Two provisions that were set to restrict the sale of F-16 fighter jets to Türkiye in the U.S. Senate version of the 2023 National Defense Authorization Act (NDAA) bill have been removed, sources said Tuesday.
The U.S. Senate removed the conditions during a 2023 defense budget meeting on Tuesday.
After the completion of the NDAA bill, it is expected to be merged with the House of Representatives version, which will then be submitted to President Joe Biden for approval.
A Turkish delegation led by Efkan Ala, Justice and Development Party (AK Party) deputy chair in charge of foreign affairs, paid a visit to Washington recently for talks with U.S. officials on F-16 fighter jets and modernization kits sales to Türkiye.
Some figures in Congress, such as Democratic Senator Bob Menendez, who serves as chairperson of the Senate Foreign Relations Committee, have been trying to stop the sales.
Turkish officials previously said Ankara may turn to other countries such as Russia if the United States fails to follow through on its promise to deliver F-16 fighter jets.
A bill recently approved by American lawmakers created a new hurdle for any purchase by Türkiye, which has been voicing its firm opposition to any conditions on the sale of the Lockheed Martin-made F-16s.
The House of Representatives in July approved legislation that would bar the sale to Ankara unless the Biden administration certifies that doing so is essential to U.S. national security. It also includes a description of concrete steps taken to ensure they are not used for “unauthorized overflights” of Greece.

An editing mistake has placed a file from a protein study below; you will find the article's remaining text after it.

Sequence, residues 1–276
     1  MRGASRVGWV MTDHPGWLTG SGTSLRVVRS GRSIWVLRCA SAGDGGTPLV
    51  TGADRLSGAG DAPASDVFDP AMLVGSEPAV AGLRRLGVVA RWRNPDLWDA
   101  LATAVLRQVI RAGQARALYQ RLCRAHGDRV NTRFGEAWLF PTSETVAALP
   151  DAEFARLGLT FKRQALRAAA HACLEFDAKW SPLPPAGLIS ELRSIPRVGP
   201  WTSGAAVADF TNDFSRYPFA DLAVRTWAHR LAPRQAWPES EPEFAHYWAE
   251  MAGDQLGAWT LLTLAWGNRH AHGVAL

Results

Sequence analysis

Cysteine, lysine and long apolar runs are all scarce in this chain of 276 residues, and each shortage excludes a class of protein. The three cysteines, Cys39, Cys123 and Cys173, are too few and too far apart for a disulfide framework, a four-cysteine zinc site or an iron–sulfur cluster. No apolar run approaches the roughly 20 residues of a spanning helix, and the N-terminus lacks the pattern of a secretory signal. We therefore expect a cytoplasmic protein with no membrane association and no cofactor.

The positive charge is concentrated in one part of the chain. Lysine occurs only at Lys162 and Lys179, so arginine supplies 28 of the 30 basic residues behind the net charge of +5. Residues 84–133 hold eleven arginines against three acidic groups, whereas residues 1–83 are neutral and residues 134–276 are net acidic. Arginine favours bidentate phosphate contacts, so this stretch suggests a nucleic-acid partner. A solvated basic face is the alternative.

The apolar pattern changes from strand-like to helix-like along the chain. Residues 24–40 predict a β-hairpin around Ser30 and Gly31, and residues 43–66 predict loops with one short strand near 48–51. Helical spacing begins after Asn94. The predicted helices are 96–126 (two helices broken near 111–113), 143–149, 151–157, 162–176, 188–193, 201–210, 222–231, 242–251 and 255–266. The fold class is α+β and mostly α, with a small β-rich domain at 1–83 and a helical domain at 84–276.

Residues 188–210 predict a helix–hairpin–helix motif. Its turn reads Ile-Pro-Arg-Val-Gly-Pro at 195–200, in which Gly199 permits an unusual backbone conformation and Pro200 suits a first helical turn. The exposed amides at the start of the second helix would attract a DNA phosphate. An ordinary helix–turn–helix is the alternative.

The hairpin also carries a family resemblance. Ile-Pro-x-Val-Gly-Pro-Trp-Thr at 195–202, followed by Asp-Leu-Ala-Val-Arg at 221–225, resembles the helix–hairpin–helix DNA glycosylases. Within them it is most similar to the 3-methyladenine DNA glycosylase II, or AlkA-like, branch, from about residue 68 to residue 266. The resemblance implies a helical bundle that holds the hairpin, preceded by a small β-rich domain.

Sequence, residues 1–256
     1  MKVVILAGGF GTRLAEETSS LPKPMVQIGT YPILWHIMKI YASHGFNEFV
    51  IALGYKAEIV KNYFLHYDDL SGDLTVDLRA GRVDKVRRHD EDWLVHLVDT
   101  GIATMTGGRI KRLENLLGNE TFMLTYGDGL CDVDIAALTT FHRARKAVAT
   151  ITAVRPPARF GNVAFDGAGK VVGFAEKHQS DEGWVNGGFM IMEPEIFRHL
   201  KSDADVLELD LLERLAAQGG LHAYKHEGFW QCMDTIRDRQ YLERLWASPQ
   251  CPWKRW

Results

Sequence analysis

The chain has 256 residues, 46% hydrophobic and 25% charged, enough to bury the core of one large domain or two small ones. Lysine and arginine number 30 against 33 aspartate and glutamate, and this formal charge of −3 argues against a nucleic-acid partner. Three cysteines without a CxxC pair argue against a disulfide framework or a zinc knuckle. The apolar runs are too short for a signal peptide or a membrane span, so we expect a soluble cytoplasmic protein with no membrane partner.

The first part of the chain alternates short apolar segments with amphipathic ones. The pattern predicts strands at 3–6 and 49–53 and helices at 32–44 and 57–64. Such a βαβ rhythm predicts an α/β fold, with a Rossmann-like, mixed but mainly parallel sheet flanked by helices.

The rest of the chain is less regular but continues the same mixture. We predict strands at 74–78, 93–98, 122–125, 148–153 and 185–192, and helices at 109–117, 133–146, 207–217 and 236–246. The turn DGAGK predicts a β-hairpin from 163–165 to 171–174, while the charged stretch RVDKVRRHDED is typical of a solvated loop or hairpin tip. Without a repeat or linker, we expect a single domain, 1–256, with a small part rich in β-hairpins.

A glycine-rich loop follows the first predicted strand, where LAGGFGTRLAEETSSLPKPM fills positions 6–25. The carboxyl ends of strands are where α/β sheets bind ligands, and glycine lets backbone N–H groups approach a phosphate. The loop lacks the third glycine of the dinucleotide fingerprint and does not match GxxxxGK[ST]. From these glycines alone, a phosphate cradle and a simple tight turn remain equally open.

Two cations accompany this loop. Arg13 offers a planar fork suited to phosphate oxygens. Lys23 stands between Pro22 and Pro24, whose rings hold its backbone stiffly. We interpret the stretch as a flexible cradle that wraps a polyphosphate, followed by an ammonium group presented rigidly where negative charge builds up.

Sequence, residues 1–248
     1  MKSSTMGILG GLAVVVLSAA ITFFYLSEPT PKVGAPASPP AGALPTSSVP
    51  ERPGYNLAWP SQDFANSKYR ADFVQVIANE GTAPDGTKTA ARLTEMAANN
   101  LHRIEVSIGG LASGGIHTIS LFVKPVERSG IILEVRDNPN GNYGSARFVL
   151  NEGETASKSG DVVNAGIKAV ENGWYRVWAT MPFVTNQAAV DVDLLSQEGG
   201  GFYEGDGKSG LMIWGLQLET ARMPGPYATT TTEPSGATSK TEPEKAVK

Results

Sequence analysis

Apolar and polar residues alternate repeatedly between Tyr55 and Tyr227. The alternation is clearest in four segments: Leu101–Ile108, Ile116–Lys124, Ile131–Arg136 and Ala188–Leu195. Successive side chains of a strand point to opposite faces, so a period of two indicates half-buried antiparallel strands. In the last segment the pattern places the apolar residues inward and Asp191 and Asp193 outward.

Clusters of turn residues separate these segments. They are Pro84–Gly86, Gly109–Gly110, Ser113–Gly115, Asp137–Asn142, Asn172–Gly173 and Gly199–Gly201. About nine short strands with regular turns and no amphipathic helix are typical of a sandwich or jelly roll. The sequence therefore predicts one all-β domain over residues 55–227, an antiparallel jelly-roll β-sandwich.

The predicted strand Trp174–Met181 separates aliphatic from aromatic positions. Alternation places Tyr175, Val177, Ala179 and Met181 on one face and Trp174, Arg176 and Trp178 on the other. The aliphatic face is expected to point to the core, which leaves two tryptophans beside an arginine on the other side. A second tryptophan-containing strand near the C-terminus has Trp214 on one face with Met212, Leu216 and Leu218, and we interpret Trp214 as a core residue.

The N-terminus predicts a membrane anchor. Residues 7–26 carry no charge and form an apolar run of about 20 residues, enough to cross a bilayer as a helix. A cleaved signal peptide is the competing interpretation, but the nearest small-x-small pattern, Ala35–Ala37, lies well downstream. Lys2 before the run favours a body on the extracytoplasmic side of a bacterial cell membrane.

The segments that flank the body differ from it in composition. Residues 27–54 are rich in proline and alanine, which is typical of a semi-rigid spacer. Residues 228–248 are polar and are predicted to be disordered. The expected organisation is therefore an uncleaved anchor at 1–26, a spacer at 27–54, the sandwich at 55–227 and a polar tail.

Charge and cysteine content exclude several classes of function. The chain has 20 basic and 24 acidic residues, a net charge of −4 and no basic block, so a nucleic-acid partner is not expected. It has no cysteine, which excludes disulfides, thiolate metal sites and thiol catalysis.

U.S. President Joe Biden has said he would work to convince lawmakers to deliver the F-16 jets for Türkiye’s air force.
Türkiye, in October last year, made a request to buy 40 F-16 fighters and nearly 80 modernization kits to upgrade its aging fleet in what is estimated to be a $6 billion deal.
The process to finalize the NDAA is lengthy, and the Senate will also have to back similar language before it can be sent to Biden’s desk to be signed into law. Revisions to the bill in its current form are all but certain. However, the president can veto such legislation.
The sale of U.S. weapons to Türkiye became contentious after Ankara acquired Russian-made S-400 defense missile systems. The deal triggered U.S. sanctions as well as Türkiye’s removal from the F-35 fighter jet program.